Before social entrepreneurship became mainstream, lawyer Fabrice Vil took a leap of faith to help more young people gain access to opportunities. After two years of internal debate, he decided to leave his job at one of Quebec’s largest law firms to focus on growing pour 3 Points, the nonprofit organization that he had founded.
The organization, whose name roughly translates to going for three As a basketball metaphor, transforms sports coaches into life skills coaches to support the achievement of youth in underprivileged neighborhoods.
“It’s a reference to not settling down, but going for what is best for youth, society, and humanity,” said Fabrice Vil, founder of Pour 3 Points.
Growing up as a Montrealer with roots in Haiti, Vil to witness structural inequalities early on. Living in the low-income northeastern part of the city, he attended school in an upper-middle-class area, where he observed social disparity between neighborhoods.
“As a child, I would ask myself why society is constructed that way,” recalled Vil.
He soon realized the power of mentorship in a young athlete’s life while playing basketball at a high school. His coaches taught him valuable life skills ranging from discipline and teamwork to facing adversity.
“It was clear to me that something had to be done by putting in place a platform where we would be able to support youth in the sports context,” he said. “I decided to bridge my understanding of sports with the potential of coaching while using that as an instrument for a more just and equitable society.”
Today, the leadership development program has worked with more than 300 coaches in 17 different sports, impacting nearly 3,000 children while training a new generation of aspiring coaches, said Vil.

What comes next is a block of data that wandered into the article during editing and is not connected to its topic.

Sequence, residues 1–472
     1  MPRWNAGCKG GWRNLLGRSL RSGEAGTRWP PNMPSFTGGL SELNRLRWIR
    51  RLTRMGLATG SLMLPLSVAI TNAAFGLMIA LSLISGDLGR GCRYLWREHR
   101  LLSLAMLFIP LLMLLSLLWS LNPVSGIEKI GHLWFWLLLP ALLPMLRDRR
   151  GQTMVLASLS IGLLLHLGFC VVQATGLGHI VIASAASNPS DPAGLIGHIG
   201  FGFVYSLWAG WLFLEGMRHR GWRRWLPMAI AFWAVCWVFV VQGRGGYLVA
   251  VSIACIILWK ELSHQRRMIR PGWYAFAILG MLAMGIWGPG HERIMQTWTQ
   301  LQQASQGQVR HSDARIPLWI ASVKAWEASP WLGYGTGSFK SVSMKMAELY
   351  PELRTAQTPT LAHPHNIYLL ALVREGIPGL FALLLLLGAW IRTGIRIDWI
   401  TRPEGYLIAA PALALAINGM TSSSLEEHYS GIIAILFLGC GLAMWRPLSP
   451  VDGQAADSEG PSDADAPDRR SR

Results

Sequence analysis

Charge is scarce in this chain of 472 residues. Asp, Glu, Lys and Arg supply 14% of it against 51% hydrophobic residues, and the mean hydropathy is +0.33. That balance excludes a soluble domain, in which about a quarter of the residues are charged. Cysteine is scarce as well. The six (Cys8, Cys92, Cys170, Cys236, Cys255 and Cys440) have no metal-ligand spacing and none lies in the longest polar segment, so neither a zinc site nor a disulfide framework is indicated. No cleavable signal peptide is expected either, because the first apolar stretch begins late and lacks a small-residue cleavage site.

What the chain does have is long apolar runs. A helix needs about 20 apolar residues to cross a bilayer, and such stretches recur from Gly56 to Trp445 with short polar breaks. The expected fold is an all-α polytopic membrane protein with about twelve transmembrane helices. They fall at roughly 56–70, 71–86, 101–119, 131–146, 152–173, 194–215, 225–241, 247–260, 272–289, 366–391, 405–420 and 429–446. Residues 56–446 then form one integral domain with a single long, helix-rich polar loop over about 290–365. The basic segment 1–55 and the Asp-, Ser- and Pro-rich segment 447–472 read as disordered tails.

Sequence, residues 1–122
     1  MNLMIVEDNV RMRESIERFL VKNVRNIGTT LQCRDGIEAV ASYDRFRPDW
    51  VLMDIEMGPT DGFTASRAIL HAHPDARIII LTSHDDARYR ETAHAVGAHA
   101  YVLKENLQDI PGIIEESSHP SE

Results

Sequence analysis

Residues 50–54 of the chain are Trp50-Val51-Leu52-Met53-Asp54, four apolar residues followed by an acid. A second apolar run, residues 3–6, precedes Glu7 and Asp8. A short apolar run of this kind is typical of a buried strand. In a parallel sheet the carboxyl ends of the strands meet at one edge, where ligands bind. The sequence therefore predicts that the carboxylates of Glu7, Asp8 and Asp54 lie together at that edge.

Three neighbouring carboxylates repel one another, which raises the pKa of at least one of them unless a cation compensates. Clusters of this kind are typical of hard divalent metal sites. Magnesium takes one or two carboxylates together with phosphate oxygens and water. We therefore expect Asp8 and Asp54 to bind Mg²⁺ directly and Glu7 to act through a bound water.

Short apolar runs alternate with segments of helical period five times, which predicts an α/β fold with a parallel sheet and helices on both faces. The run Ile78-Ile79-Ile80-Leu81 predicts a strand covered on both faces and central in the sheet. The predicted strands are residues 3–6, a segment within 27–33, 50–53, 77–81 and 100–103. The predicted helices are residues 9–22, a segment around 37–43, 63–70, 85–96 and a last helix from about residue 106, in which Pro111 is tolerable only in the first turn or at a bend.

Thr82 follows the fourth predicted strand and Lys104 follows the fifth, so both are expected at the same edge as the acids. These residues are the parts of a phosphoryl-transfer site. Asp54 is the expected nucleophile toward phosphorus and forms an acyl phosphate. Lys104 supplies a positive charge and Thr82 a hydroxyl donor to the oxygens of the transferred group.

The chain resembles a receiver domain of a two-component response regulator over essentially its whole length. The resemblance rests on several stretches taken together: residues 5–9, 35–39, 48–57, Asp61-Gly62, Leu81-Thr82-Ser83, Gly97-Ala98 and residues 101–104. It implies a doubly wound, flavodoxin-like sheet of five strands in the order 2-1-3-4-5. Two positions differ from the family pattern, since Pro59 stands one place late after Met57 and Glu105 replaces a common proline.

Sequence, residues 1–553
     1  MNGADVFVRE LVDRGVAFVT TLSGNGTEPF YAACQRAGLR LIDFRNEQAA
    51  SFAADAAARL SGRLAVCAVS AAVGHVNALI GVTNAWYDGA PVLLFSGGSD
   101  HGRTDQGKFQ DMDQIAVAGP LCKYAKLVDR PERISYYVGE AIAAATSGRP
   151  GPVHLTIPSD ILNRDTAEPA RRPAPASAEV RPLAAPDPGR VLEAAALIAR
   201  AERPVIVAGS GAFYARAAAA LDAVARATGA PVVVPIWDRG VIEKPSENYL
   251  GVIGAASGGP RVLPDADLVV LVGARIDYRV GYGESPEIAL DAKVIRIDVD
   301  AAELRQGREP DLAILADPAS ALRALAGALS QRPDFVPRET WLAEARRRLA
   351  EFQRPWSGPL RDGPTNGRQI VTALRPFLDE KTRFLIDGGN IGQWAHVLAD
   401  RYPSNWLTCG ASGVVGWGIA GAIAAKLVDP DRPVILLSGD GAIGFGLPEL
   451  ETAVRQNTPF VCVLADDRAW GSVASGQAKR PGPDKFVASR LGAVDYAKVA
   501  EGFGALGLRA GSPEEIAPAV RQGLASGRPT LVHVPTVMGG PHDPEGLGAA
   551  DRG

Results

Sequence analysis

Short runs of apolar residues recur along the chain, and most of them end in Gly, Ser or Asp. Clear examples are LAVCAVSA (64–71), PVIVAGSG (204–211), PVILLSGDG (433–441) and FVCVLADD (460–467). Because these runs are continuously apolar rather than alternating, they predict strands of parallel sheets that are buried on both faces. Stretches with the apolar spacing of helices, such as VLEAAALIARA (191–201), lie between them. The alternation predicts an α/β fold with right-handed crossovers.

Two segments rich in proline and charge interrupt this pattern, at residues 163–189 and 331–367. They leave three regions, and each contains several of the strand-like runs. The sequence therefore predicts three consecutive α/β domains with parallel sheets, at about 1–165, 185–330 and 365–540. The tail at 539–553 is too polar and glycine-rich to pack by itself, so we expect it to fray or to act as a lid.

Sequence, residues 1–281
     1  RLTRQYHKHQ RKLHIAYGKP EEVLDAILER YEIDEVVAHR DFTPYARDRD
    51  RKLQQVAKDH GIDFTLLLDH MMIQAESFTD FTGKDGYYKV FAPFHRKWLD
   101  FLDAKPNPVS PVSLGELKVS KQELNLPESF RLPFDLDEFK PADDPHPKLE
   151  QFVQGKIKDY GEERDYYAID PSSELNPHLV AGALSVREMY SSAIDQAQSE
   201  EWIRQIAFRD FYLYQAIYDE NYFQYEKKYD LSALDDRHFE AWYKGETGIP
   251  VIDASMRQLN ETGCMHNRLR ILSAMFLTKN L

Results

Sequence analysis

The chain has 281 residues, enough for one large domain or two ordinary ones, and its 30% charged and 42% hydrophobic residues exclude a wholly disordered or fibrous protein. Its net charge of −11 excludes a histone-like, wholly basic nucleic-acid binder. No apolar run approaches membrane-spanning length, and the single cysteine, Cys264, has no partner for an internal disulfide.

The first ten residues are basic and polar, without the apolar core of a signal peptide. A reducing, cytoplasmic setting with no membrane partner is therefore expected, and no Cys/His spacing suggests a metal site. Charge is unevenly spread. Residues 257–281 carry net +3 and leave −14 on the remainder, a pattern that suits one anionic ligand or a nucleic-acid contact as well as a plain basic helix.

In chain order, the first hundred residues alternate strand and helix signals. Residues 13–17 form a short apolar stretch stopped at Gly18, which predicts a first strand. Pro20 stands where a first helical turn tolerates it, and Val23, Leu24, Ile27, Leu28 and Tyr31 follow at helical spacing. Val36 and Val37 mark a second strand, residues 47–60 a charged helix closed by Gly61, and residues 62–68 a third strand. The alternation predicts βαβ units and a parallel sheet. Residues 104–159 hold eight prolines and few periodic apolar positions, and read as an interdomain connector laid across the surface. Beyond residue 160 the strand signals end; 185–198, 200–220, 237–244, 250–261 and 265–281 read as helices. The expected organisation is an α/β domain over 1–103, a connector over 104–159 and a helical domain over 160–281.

Last year, the organization even partnered with Montreal’s professional soccer club, CF Montreal, to strengthen its involvement in the community and drive further social impact.
The elements of coaching leadership
At the heart and soul of the organization lies the philosophy that coaches are instruments to support the person in their autonomy. Vil believes there are five elements to the art of coaching leadership, which may translate into any other business setting:
- Leaders must be mindful of their biases to avoid imposing their views on others.
- They must listen to ask questions and understand, rather than listening to confirm their own beliefs.
- Being good at your craft is as important as self-awareness and excellent interpersonal skills. You cannot lead effectively without having a deep understanding of the game—or industry.
- Understanding the environment. For instance, coaching in the context of a private school is not the same in a rural or underprivileged school. The same goes for how leadership may alter in a startup and an established company.
- Successful leaders avoid placing the burden of success on their teams. It is crucial to accept the outcomes driven by external factors. “Focus on what you can control. It is the only thing that coaches can lead a team to do,” said Vil.
Towards a wider reach
“I’m at a point where dealing with day-to-day operations is not where I can bring the best value,” he said. “It’s now more of a role of supporting the culture but also helping promote the organization, dealing with partners, and establishing the long-term strategy.”
Vil is also a columnist for French-language newspapers and is in the early stages of writing his first book.
“It’s a book composed of multiple short stories that support the idea that we are neither good nor bad, but all human, and that pointing out a bad person is circumstantial and much more complex.”
Stephanie Ricci contributed to this story.